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Is Asperger’s Autism?

Asperger syndrome sometimes gets confused with other developmental disorders. In fact, people are often confused about what Asperger syndrome is and whether it’s the same or different from autism.

Asperger syndrome, often referred to simply as Asperger’s is a developmental disorder just like autism. And, until 2013, it was categorized as a separate disorder.

That year, though, Asperger’s and other similar diagnoses were wrapped under a new designation called autism spectrum disorder, or ASD. Because of this, it’s natural that some confusion exists as to exactly what Asperger’s is and how it is both similar and different than autism.

Below, we’ll discuss these topics and more.

Table Of Contents

What Does ASD Cover?

Starting in 2013, Asperger’s got a new designation from a medical standpoint, being folded under ASD rather than being treated as a separate disorder.

In total, there are five separate disorders that are considered part of ASD, including …

  • Asperger syndrome
  • Rett syndrome
  • Childhood disintegrative disorder
  • Autistic disorder
  • Pervasive developmental disorder, not otherwise specified (PDD-NOS)

Today, medical professionals won’t use the term Asperger’s or Asperger syndrome to describe a medical diagnosis. Some people who were diagnosed with it prior to the change might still refer to it as Asperger’s, and that’s OK.

Both terms are technically correct.

What is Asperger’s?

The reason why Asperger’s, and the other four disorders, were clumped into the umbrella ASD diagnosis is that many of the symptoms are very similar. Many people who have the disorder are diagnosed at a young age.

Like autism, people who have Asperger’s have very unique symptoms. No two individuals are exactly the same. Some of the symptoms of Asperger’s include …

  • Eye contact is challenging
  • Trouble holding a conversation
  • Feeling socially awkward
  • Missing social cues and trouble reading body language and facial expressions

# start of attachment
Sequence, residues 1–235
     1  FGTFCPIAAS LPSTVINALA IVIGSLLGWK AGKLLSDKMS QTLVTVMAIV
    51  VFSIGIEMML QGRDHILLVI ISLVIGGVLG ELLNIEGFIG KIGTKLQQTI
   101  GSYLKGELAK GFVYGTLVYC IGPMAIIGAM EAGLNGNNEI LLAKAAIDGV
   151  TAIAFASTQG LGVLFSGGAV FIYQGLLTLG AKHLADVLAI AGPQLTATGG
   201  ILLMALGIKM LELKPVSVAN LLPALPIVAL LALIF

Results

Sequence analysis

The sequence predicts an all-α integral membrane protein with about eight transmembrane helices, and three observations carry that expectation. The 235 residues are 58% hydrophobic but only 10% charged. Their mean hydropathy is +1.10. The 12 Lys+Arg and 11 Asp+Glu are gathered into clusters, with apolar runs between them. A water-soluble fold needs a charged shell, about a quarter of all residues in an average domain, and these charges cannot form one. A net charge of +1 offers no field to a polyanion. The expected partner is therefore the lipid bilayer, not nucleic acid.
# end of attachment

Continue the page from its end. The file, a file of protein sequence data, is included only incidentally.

• Doesn’t show emotions
  • Speaks in a robotic tone
  • Talks about a single topic a lot
  • Repeat phrases, movements and/or words
  • Doesn’t like change
  • Has very strict routines and habits

How is Asperger’s Diagnosed?

A medical professional who specializes in the diagnosis and treatment of autism will also be the one who will diagnose Asperger’s. If you suspect that your child may have the developmental disorder, it’s important to speak with their pediatrician first and then visit a specialist based on recommendations.

The diagnosis assessment is the same for Asperger’s as it is for autism. A medical professional will observe the child in various situations so they can see their typical behaviors, communication and reactions.

When you visit an experienced professional practitioner such as Blue Gems ABA, they will use screening tools such as the M-CHAT to give the professional — most often a psychologist — an initial idea. The professional will then have extensive conversations with you and your family about your child, as that information is vital.

A more comprehensive evaluation will then be conducted by a clinical psychologist. A final diagnostic conclusion and feedback will then be provided to the parents and caregivers, which will serve as the final diagnosis.

Of course, the journey doesn’t end at diagnosis. If your child is diagnosed with ASD, a suggested treatment plan will be discussed as well.

What is the Treatment for Asperger’s?

As Asperger’s is part of ASD, the most effective treatments for the disorder are the same as those for autism.

One of the leading treatments today is called applied behavior analysis, or ABA therapy. This treatment takes a science-based approach to helping children with ASD improve their communication, social and adaptive skills.

Board-certified behavior analysts and licensed behavior analysts utilize their extensive skills at places such as Blue Gems ABA to assist children in overcoming challenging behaviors that are associated with communication, social skills and academics.

The therapy integrates extensive research that’s grounded in the science of learning and behavior, and is commonly practiced as a therapeutic intervention for people who are diagnosed with ASD, including Asperger’s.

There are many benefits to ABA therapy, including the fact that it is customizable to each individual patient. In addition, parents and guardians are included in the process so that the skills that are learned during ABA therapy sessions can be honed outside of these sessions.

In this way, ABA therapy is a well-rounded approach that gives those with Asperger’s or any other form of ASD the best treatment possible.

Work with Blue Gems ABA

Many people question if Asperger’s is autism. As we’ve described above, Asperger syndrome is considered part of autism spectrum disorder from a medical standpoint today.

Because of this, the diagnosis procedure and treatments that are used for children with ASD are also used for those who are diagnosed with Asperger’s, or what is known by many as “high-functioning” autism.

If you believe your child has ASD and you’d like them to be evaluated, or if your child already has been diagnosed and you’re seeking a treatment plan, contact Blue Gems ABA today.

Our team of professionals can help support you and your child in everything they may need.